Guest Author - Lesley Aeschliman
We know that anime comes from Japan, but when and how did the art form originate? Anime can trace its beginnings back to the start of the twentieth century, when Japanese filmmakers experimented with animation techniques being explored in the West.
One of the earliest known Japanese animations was produced somewhere between 1907 and 1915, and it's titled Moving Picture; however, it is not known who created it. This animation consists of fifty frames drawn directly onto a strip of celluloid. The animation runs for about three seconds, and it features a young boy in a sailor suit writing kanji on a board. He turns to the viewer, removes his hat, and gives a salute.
Unfortunately, only a few complete pieces remain from the beginnings of Japanese animation. Usually, after a clip finished its run at the theatre, the cinema (who usually owned the reels) sold them to smaller cinemas. From there, the reels usually ended up being cut into smaller pieces; these pieces would be sold as either strips or as single frames.
Three people are generally credited as being the first generation of Japanese animators. Tenkatsu Production Company hired Shimokawa Oten, a political cartoonist, to produce animation for their company. Unfortunately, due to health reasons, Oten only managed to produce five movies; his best-known work is Imokawa Mukuzo Genkanban no Maki. Sadly, the actual content of this work is unknown, since no films or photographs of this work still remain.
In 1916, a caricaturist named Kouchi Jun'ichi entered the animation field and produced some work for Kobayashi Shokai. His work includes fifteen movies, and he is generally regarded as the most technically advanced of the early Japanese animators. In 2007, his two-minute silent short Namakura Gatana was discovered at an antique shop in Osaka; the short tells the story of a samurai's foolish purchase of a dull-edged sword.
Instead of producing anime for others, Kitayama Seitaro made his own works. The animation technique he was best known for was the chalkboard animation method; later, he started doing paper animation, both with and without pre-printed backgrounds. Kitayama Seitaro founded his own studio, Kitayama Eiga Seisakujo. The studio was founded in 1921, and it has the distinction of being the first true animation studio in Japan. In 2007, Kitayama's 1918 film, Urashima Taro, was discovered in the same antique shop in Osaka as Kouchi's Namakura Gatana; this filnm adapts the Japanese folktale of the same name that is about a fisherman who travels to an underwater world on a turtle.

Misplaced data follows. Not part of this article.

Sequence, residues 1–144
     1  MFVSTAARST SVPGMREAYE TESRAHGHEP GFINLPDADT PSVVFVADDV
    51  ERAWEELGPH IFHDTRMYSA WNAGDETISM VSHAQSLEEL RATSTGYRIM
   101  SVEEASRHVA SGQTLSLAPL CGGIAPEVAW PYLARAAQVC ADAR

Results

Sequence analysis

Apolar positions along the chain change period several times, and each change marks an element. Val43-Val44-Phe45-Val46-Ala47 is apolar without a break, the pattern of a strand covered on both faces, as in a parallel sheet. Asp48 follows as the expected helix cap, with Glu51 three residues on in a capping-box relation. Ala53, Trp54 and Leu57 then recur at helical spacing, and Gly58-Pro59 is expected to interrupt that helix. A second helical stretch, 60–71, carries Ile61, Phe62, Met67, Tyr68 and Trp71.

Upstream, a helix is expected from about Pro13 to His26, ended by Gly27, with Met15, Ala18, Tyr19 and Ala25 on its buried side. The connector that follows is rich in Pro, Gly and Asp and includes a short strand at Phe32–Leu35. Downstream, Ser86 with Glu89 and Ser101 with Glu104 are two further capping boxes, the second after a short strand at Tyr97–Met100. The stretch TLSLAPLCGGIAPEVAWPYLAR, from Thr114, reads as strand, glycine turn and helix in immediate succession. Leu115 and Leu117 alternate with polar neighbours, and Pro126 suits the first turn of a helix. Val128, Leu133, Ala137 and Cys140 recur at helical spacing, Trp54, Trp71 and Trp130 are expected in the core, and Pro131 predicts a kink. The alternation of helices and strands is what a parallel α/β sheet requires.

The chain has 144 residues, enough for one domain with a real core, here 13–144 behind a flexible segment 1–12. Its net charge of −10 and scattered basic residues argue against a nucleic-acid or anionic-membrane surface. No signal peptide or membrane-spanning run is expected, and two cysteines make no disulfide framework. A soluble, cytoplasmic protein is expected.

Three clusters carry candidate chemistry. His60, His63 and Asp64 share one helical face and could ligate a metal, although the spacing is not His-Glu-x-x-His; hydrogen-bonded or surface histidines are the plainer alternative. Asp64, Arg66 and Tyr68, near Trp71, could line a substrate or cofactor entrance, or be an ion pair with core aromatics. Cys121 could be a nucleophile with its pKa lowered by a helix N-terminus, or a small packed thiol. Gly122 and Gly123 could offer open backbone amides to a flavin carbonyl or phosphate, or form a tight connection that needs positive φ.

The 1920s saw the rise of the second generation of Japanese animators, many of whom were students of Kitayama Seitaro. Murato Yosuji, Kimura Hakuzan, Yamamoto Sanae, and Ofuji Noboro were not only his students, they also worked at his studio. However, in 1923, the Great Kanto earthquake destroyed most of Kitayama Seitaro's studio, and the residing animators went their separate ways and founded their own studios. Masaoka Kenzo, another important animator at that time, worked at a smaller studio.
The 1920s also saw the adoption of the first youth protection laws in Japan. These laws led to the censorship of some early animations for children under the age of 15. The Monbusho (the Ministry of Education) encouraged the production of films that offered educational value.
In the 1930s, the Japanese government enforced cultural nationalism, which ultimately led to strict censorship and control of published media. The government urged many animators during this period to produce animations that would help reinforce the Japanese spirit and promote national affiliation. During this era, many small studios either closed or merged with bigger studios, until only three big studios remained. The animations produced during this era didn't have very high production standards, so they ended up coming across as pale imitations of Disney productions. And many animations were still silent films, because it was too expensive for most Japanese studios to use sound film until the mid 1930s.
By the time of World War II, the military commissioned many animators to create productions for them. The animations produced for the military were usually propaganda films, showing the Japanese people winning against enemy forces. This trend was also true in America, where studios such as Disney and Warner Bros. were recruited by the U.S. military to produce propaganda films for American audiences.
1948 saw the founding of Japan Animated Films. In 1956, Toei purchased the company and it was reincorporated under its current name (Toei Animation). In 1958, Toei produced Hakujaden, the first color anime feature film. Many anime historians consider Hakujaden to be the first of what we have come to call "anime" today. One of Toei's major contributions to modern anime is the development of the "money shot"; this is a cost-cutting measure that allows for emphasis to be placed on important shots by animating them with more detail in comparison to the rest of the work. Toei also placed an emphasis on each animator bringing his own ideas to a production.
Meanwhile, Osamu Tezuka (a Japanese manga artist, animator, and producer) founded a rival company called Mushi Productions. Tezuka and Mushi Productions would help bring anime to Japanese television in the early 1960s, thanks to a show called Mighty Atom, better known to American audiences as Astro Boy.